In The entwinement of the CJS, sex work and a radical feminist ‘rescue industry’ ideology can be evidenced in the Edinburgh Raids and Soho Raids. Edinburgh had an unofficial tolerance zone until 2001 while in Glasgow the Glasgow Community and Safety Services [GCSS] runs a targeted exit scheme. “We don’t wait until [prostitutes] say they want to exit and we share all our info with police,” says senior operations manager Louise Belton. “We try everything to engage with them. That could be a charge, which puts them in a system where they have support.” (Topping, 2013).

And the idea that those purchasing a sexual service or erotic dance are enforcing top-down power, are ‘buying a body’ or ‘obectifying’ a woman, ignore the complex relationships between worker and consumer. I particularly recommend the work of Professor Danielle Egan here.

This isn’t to reiterate happy hooker versus victim paradigms, or radical feminist versus liberal or sex radical feminist positions, but to argue that we must engage with sexual politics when discussing the sex industry. Too often sex workers are considered to be either victims, liars or suffering from false consciousness, mentally unwell or the 1 percent exception.

Sex workers globally are fighting for the right to work safely. There is a good article here with a short film ‘The Power of the Collective’: Indian sex workers are a shining example of women’s empowerment.

“If I’d been married, I would have been HIV positive by now,” says one of Vamp’s stalwarts, Shabana, reflecting that married women are far more vulnerable than she is as a sex worker, unable to insist on condoms with their husbands as she does with her clients. And her face breaks into a smile as she describes the life she leads: the freedoms she enjoys, her choice of clients, and the autonomy and empowerment she has. “I’m as free as a bird,” she says”. This quote jumped out at me. It’s far too easy to take a patronising racist view of these ‘poor women’ instead of listening to their voices.

And whilst I think constant questions about ’empowerment’ are misplaced in the sex industry, it is interesting that we don’t question the sexual freedoms or autonomy of married women, who may face far more sexual coercion than a sex worker.

This blog also takes influence from the paper by Dr Sarah Kingston (University of Lancaster) and Dr Natalie Hammond (University of Manchester) Experiencing Stigma as a Sex Work Researcher.

My own paper Between the Sex Industry and Academia: Navigating Stigma and Disgust will be included in our sex work edition of the Graduate Journal of Social Science, and is forthcoming March 2015. In this article, I argue that: “Many sex work researchers report feeling unwelcome and openly excluded in various academic departments or spaces within departments, due to the nature of their research” (Ahearne, 2015).

I also argue that: “Dirt and disgust stick to bodies, and the deviant body is read as spoiled, seeping and dangerous. Therefore the academic who reveals she has worked in the sex industry faces continued stigmatization”.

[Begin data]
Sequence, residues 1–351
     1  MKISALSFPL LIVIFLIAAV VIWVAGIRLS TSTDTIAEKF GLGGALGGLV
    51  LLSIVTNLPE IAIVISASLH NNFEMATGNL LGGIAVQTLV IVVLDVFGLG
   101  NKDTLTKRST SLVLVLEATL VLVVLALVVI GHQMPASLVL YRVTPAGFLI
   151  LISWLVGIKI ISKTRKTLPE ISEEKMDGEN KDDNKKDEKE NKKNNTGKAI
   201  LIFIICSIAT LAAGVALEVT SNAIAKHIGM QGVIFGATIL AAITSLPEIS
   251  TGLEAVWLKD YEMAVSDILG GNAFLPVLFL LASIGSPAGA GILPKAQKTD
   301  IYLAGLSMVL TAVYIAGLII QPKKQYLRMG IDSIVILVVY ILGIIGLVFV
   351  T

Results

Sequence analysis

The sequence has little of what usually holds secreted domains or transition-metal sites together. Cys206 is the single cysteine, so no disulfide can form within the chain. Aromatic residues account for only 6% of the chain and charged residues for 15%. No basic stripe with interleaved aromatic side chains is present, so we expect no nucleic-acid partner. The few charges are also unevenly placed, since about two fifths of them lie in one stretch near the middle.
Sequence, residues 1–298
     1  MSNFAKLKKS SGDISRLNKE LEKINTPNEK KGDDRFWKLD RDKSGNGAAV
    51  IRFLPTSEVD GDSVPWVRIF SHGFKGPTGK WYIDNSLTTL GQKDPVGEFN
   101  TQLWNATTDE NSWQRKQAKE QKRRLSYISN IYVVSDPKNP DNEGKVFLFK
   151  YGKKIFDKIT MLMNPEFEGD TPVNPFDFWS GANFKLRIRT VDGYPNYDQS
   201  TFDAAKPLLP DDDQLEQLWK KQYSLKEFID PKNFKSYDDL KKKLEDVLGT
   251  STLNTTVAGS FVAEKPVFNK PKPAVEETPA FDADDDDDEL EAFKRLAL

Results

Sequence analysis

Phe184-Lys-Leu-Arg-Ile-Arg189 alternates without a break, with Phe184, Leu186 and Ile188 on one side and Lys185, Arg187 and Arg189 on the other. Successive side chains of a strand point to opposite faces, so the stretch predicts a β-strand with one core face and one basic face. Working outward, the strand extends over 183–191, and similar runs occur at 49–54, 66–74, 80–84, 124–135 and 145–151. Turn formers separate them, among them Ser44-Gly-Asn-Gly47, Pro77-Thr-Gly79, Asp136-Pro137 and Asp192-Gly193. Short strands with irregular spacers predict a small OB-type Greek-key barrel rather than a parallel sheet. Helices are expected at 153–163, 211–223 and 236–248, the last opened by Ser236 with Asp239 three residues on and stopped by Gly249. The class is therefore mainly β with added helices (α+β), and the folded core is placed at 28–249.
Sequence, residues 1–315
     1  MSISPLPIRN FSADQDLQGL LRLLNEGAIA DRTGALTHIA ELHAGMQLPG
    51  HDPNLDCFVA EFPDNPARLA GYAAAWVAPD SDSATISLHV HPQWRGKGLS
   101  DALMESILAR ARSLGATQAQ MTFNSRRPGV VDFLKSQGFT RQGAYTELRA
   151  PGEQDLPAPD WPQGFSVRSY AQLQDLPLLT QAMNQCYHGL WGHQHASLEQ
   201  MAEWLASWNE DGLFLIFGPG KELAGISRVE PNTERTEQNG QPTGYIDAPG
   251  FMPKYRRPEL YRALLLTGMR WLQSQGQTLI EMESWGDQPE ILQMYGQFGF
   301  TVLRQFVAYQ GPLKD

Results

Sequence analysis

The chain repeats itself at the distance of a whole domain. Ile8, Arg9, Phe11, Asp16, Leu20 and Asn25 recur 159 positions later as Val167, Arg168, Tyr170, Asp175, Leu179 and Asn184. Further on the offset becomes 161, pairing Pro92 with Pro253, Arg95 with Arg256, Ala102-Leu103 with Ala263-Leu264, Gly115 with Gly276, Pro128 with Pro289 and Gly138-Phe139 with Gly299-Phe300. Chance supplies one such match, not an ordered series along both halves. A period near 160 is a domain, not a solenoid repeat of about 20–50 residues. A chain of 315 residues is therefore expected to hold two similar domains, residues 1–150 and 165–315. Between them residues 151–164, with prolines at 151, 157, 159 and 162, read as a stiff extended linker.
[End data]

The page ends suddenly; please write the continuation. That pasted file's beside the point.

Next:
There is a reason why people are so quick to denounce sex work, especially female sex workers. They are disgusted by the very idea, it seems unnatural to them, it disrupts the natural order of things.

It also speaks loudly about our unwillingness to engage with the idea that most people (women, men and transgender workers too) choose to work in the sex industry for economic reasons. The fact some feel the need to insist that sex work is only accountable by pimps, sex trafficking, drug addiction, mental health problems, speaks volumes about our lack of engagement with sexual politics. I am sure those working with pornography or BDSM research feel the same frustrations. That common sense discourse thwarts common sense. That “I think it’s disgusting” translates into viable policy options and indeed, as Professor Graham Scambler asserts, policy based evidence takes the place of evidence based policy.

I argue that criminalising sex work because sex trafficking and abuse happens, is like banning sexual intercourse because rape happens. There is abuse that can happen in paid and unpaid sex, and we need to recognise this abuse where and when it occurs. We need to listen to workers, and offer them help if and when they need it. Sex work is of course a very intimate form of body work, and Kate Hardy says that sex work is: “equal to any other, but not the same as any other” (2013, p.43).

If we believe that all sex work is violence against women and intrinsically harmful, then it is easy to speak over women whose experience does not match what we want to hear. To this end, abolitionists continue to insist that sex trafficking is epidemic. And it is easy to look the other way at the vile fashion in which sex workers are treated by the police.

I have written about sex trafficking and the conflation of trafficking with consensual sex work here. This is an area of great interest to me, and the scholars listed are undertaking invaluable work. I have also re-blogged a sex worker and activist’s take on the diabolic Stop The Traffik video that went viral.

Professor Nick Mai has argued that only a minority of UK sex workers have been trafficked. And Dr Synnøve Økland Jahnsen has argued that anti-trafficking policies are often anti-immigration.

I continue to be thankful for the wonderful peers and scholars researching sex work. The Bi-Annual Postgraduate Sex Work Conference organised by Dr Teela Sanders at the University of Leeds is a must for those of you who are considering studying the area.

I recently handed in the first draft of my literature review, and have begun to examine the relationship between radical feminist/ abolitionist ideology on sex work, with punitive and harmful measures taken against sex workers.

But what continues to surprise me, is that those academics or researchers who pride themselves on being radical, critical, and revolutionary in their areas of work, continue to cut down debate regarding the sex industry.

As a feminist I reiterate that we must support sex workers in whatever they choose, making their work as safe as possible, protecting them from stigma and state violence. And we must ensure funding goes to legitimate agencies that will help workers at whatever stage they are at.